Now those incidents are very rare. This is because many of the Machine Learning Algorithms used by the finance sector have trained themselves on vast quantities of data to be able to spot how a real fraudster works. This not only helps catch fraudsters and reduce crime but also helps prevent inconvenience.
And what is big data?
The real reason that Artificial Intelligence and Machine Learning are important is not just for one of these examples. It’s for all of them. As a society, we are producing absolutely unbelievable amounts of Data. This is known as Big Data (also consider checking out this perfect parcel of information for a data science degree).
Without the use of automation, we would be left just storing this without any reasonable use. We would be unable to gain any insights into any industry. However, with Artificial Intelligence and Machine Learning, we are able to gain insights into any industry on earth.
Already we are using Machine Learning to spot tumors and cancers on ultrasounds and other scans with a better accuracy than human doctors. We are able to plan and control traffic systems using Artificial Intelligence. This results in less congestion and fewer accidents. Chatbots man customer service lines 24 hours a day, 7 days a week. This enables you to call them anytime with any question and guarantee that it will be answered quickly and correctly.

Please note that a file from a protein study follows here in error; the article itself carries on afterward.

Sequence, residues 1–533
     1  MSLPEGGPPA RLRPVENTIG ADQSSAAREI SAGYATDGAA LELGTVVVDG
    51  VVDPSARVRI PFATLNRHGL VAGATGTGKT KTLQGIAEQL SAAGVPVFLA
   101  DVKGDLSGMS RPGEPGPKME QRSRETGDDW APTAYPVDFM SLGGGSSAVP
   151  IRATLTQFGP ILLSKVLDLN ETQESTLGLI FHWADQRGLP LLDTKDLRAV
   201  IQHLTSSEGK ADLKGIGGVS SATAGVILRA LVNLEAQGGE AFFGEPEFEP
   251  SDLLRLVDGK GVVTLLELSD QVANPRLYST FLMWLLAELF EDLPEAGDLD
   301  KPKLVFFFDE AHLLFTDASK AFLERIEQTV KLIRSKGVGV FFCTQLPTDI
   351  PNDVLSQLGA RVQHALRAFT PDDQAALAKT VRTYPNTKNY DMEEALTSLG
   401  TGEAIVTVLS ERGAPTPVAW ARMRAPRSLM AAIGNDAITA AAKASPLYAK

These are very few examples of the various uses we have for these technologies now. In the very near future, we will see driverless HGVs and cars on our roads under public control. We will be seeing autonomous drones delivering parcels within minutes instead of days. We will see AI doctors solving the staffing crisis plaguing many nations. This will result in swift and efficient care at all times (also consider checking out this career guide for data science jobs).
In the far future? Who knows. Right now, we are good at producing Artificial Narrow Intelligence. This is good at specific tasks such as playing chess and analyzing Big Data. The next (big) step would be Artificial General Intelligence. This is essentially the same intelligence level as a human - able to undertake a wide range of tasks. Artificial Super Intelligence is the one you commonly see in sci-fi, made up of super intelligent AIs which outmatch humans in every area. These are not traditionally ‘scientific’ divisions, and there is a lot of debate on the matter. Yet it is a helpful way to split up where modern science ends, and futuristic speculation begins!